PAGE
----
On Monday, consumers can buy hearing aids without a prescription, possibly saving thousands of dollars per pair.
The new devices — designed for those with mild to moderate hearing loss — are expected to transform the hearing aid market. They are being sold at stores and online without a medical exam, prescription or special fitting by an audiologist. This follows a ruling on Aug. 16, when the Food and Drug Administration (FDA) agreed to allow over-the-counter hearing aids to be sold directly to consumers.
Although the first models are expected to largely resemble the devices you can get through a hearing professional, there are some important differences.
Here are five ways over-the-counter devices differ from prescription versions.
Authors Frank Lin and Nicholas Reed at the Johns Hopkins School of Medicine lay out the steps to hearing health, including new advice on just-released over-the-counter hearing aids.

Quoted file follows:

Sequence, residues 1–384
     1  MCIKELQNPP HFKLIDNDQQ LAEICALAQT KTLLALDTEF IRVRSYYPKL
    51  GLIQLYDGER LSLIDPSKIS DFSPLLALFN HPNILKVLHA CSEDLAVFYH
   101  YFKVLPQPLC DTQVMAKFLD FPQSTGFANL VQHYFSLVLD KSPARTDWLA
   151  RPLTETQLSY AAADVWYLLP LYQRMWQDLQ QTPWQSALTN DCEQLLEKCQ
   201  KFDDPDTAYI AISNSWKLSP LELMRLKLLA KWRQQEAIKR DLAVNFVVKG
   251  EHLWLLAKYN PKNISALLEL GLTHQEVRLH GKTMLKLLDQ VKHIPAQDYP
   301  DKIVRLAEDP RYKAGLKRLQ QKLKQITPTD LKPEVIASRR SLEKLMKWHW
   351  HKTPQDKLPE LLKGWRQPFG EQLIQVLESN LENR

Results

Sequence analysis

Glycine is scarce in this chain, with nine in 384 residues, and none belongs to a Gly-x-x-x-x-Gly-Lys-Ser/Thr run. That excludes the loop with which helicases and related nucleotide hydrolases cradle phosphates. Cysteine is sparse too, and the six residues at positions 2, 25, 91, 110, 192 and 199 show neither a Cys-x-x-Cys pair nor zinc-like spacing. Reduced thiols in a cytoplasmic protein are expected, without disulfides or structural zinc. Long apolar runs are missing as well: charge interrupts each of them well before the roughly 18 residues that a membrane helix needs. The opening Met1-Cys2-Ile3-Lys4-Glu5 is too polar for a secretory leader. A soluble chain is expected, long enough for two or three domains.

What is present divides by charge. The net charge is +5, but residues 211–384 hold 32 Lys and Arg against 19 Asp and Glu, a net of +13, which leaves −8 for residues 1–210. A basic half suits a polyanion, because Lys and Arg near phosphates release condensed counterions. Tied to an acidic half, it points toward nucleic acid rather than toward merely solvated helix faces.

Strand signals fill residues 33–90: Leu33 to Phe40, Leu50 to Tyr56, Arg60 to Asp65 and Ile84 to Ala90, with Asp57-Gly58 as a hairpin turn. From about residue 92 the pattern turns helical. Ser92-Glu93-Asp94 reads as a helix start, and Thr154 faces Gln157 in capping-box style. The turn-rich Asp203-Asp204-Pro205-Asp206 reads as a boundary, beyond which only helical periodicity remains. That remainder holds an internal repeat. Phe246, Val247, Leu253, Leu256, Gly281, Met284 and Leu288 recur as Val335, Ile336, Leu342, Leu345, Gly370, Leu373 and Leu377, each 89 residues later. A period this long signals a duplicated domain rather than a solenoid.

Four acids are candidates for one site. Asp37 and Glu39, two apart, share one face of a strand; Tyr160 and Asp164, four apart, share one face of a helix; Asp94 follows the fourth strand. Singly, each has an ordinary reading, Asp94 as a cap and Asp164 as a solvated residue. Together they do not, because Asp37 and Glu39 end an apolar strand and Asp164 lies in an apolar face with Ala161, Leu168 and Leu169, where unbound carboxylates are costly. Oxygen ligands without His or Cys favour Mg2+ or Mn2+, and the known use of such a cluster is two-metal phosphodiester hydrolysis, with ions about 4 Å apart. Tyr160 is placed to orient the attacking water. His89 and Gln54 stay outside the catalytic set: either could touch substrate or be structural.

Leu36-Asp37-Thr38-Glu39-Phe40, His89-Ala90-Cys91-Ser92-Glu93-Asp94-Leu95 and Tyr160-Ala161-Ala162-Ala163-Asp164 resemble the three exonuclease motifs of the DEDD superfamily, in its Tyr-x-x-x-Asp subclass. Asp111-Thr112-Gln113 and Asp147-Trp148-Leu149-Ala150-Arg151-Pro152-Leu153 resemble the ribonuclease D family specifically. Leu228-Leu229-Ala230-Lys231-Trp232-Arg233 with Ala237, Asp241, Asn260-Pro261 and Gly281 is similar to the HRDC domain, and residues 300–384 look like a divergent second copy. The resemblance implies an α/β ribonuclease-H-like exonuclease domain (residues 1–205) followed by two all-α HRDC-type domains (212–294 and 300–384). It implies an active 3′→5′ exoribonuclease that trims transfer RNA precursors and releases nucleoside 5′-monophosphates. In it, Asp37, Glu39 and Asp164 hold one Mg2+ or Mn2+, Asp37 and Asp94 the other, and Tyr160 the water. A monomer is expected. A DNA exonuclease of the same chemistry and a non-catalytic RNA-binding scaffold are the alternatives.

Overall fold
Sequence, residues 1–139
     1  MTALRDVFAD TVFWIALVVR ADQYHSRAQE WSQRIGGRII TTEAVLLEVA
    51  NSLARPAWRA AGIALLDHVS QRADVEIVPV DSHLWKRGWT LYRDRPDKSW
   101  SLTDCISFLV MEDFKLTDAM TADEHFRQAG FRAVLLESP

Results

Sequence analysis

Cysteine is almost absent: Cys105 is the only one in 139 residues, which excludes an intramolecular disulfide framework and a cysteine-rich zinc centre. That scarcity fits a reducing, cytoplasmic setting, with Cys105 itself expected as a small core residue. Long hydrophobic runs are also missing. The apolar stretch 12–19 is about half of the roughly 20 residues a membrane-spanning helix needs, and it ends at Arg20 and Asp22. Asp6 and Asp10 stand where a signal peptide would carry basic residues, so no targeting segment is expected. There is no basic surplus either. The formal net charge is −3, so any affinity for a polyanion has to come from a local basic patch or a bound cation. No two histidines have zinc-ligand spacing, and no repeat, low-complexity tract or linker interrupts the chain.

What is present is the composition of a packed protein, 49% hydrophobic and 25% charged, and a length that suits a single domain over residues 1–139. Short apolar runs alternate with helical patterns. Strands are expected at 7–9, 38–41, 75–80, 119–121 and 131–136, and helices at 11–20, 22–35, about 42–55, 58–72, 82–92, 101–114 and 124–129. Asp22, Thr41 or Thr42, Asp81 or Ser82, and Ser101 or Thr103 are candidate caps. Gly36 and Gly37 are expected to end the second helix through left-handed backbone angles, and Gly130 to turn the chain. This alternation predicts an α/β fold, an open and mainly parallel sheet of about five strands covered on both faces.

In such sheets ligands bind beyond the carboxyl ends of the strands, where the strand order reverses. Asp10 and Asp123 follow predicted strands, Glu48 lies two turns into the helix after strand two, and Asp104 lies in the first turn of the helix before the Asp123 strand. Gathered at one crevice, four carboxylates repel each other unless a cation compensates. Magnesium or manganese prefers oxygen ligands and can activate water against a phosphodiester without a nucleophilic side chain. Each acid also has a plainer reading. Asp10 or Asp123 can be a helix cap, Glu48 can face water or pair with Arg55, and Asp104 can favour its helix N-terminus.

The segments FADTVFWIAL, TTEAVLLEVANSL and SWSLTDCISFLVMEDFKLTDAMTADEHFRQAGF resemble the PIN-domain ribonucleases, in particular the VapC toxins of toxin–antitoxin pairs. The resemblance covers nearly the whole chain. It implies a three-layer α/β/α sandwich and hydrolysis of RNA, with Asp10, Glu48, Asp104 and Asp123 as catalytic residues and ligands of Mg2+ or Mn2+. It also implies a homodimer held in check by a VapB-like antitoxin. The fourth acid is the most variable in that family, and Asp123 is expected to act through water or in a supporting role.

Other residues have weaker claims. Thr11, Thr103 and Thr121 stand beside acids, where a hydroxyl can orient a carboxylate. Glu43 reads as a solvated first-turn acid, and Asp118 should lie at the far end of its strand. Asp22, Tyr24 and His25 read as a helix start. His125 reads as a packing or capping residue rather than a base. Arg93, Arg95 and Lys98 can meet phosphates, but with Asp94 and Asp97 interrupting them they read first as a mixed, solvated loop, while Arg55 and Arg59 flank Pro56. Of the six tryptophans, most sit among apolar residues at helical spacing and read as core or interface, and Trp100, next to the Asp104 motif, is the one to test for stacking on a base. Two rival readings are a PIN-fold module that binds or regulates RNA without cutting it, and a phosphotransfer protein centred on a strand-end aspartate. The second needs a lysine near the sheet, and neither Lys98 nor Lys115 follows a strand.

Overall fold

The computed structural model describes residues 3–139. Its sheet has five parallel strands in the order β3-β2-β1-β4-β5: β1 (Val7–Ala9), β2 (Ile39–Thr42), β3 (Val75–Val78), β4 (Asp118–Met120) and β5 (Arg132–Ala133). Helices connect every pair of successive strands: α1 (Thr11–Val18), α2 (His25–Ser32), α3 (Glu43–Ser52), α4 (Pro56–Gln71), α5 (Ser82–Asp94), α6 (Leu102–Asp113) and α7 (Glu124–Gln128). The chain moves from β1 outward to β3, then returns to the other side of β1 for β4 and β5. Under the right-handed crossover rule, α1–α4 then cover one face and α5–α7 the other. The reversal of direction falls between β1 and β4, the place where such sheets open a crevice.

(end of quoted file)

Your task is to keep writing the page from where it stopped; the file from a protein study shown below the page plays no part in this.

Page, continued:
1. Over-the-counter (OTC) hearing aids are for mild to moderate hearing loss only, while prescription hearing aids can help with all types of hearing loss.
- Over-the-counter hearing aids: They are intended for adults with perceived mild to moderate hearing loss, the FDA says. That means your hearing loss range is between 20 and 60 decibels (dB). And you don’t need a hearing test to try out an over-the-counter device, the FDA says. Signs that you may have mild to moderate hearing loss include: You often ask people to repeat themselves or speak up, speech sounds muffled, you have trouble hearing in noisy places or you turn up the volume on the TV higher than other people prefer.
- Prescription hearing aids: If you have severe hearing loss, you need prescription devices. You may have severe hearing loss if you have difficulty hearing in a quiet place and trouble hearing loud sounds, such as a truck driving by. Some experts say prescription devices are also a better choice for those with hearing loss in only one ear, those whose hearing loss was caused by excessive noise damage or those whose hearing loss was caused by chemotherapy or another drug, since those conditions can be difficult to treat.